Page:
Here's a match-up you probably never thought you'd hear: scientists vs. pirates.
Scientists are using the U.S. and Australian navies to thwart off Somali pirates who have threatened their research missions. The navies have been asked to deploy robotic measuring devices to assist the scientists. The devices can observe conditions such as heat and salinity in the top 2,000 meters of the ocean.
Scientists looking to do research in the Indian Ocean have to deal with pirates. About a quarter of the ocean is off limits for this reason alone.
We have not been able to seed about one quarter of the Indian Ocean since the increase in the piracy, and that has implications for understanding a region of influence in Australian and south Asian weather and climate, CSIRO Wealth from Oceans Flagship scientist Dr. Ann Thresher said in a statement.
The researchers were looking to use parts of the Indian Ocean to help predict long-range forecasts. The devices measure salinity and temperature. The Indian Ocean in particular, Thresher said, can be used to detect climates in Australia and South Asia.
Before the pirates, the science vessels felt safe going out and deploy the robotic instruments on their own. Three thousand of the devices, which are about 6 feet long, have already been deployed in various parts of the world. However, they now have asked the navies to do newer ones out of fear for their safety.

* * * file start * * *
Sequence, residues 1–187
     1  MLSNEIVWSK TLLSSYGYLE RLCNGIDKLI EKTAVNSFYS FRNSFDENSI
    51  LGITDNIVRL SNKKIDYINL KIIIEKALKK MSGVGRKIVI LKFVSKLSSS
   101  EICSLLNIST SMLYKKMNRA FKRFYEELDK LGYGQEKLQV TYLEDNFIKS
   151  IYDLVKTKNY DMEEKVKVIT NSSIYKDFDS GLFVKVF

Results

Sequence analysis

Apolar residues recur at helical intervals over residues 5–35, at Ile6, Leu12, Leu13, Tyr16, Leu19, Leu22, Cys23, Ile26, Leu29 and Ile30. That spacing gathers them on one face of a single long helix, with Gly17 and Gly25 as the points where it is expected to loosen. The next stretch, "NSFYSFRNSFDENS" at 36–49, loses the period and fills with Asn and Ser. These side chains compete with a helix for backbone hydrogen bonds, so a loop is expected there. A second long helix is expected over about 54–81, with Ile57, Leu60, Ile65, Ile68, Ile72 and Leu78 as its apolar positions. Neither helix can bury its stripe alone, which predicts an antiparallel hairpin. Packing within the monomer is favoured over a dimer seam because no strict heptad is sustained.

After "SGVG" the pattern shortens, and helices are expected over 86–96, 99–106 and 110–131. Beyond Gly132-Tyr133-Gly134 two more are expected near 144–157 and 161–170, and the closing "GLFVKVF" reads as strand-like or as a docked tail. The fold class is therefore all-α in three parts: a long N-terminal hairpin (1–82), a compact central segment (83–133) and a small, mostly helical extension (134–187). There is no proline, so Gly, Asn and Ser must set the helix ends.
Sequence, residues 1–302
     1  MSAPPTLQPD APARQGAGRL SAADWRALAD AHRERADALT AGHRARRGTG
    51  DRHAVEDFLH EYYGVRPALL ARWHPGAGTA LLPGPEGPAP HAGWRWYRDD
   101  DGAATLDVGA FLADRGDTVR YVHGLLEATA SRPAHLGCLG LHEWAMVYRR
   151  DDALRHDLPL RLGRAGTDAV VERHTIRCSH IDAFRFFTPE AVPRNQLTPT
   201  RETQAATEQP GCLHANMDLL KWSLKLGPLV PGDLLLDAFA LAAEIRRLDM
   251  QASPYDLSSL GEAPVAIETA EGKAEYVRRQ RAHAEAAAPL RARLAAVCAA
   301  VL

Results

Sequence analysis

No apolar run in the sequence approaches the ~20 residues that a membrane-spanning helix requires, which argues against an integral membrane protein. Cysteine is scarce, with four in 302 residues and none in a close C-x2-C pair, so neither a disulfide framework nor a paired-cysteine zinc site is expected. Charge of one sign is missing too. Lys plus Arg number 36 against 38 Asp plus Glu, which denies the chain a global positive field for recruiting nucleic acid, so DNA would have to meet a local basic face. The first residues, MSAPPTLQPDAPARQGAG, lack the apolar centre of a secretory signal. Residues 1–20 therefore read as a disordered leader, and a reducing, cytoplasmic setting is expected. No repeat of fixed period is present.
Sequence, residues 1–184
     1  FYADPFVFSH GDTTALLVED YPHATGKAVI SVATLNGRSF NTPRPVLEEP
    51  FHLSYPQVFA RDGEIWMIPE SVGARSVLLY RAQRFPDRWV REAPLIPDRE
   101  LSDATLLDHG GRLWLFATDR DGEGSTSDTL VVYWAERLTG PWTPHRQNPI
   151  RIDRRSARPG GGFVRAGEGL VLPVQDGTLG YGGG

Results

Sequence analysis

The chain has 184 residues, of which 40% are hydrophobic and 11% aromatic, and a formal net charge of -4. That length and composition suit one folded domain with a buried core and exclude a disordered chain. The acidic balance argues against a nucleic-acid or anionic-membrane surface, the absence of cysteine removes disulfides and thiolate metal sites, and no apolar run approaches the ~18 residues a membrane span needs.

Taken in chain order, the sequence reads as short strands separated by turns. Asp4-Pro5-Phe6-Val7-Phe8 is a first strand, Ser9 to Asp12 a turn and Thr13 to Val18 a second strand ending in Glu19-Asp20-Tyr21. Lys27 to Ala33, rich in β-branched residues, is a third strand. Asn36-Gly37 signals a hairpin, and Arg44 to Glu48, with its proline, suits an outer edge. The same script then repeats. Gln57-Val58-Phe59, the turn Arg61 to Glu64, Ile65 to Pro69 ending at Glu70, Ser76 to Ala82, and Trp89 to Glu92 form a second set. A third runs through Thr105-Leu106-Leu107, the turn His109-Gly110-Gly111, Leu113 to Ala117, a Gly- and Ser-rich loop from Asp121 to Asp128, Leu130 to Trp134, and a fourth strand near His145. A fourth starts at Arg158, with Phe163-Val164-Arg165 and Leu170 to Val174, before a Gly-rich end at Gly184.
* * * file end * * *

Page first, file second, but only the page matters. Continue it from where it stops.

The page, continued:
With the region north of Mauritius being a no-go area for most vessels due to pirate activity, we have approached the US and Australian navies to assist us in deployments of around 20 profilers, including 10 provided by the United Kingdom Argo project, Thresher said. This level of international and military cooperation is tremendously important to us in building a sustainable operating ocean-borne system that is providing the data at the core of current weather and climate observations and prediction.
Somali pirates have been making news for some time now for hijacking various ships for money. In 2009, the most notable incident occurred when the Maersk Alabama, a Dutch Container ship, was captured by Somali pirates. The container ship had 21 American crew members. The pirates held Navy Captain Richard Phillips hostage (Phillips gave himself up so the others could go free). Snipers eventually killed the pirates and rescued the Captain.
Follow Gabriel Perna on Twitter at @GabrielSPerna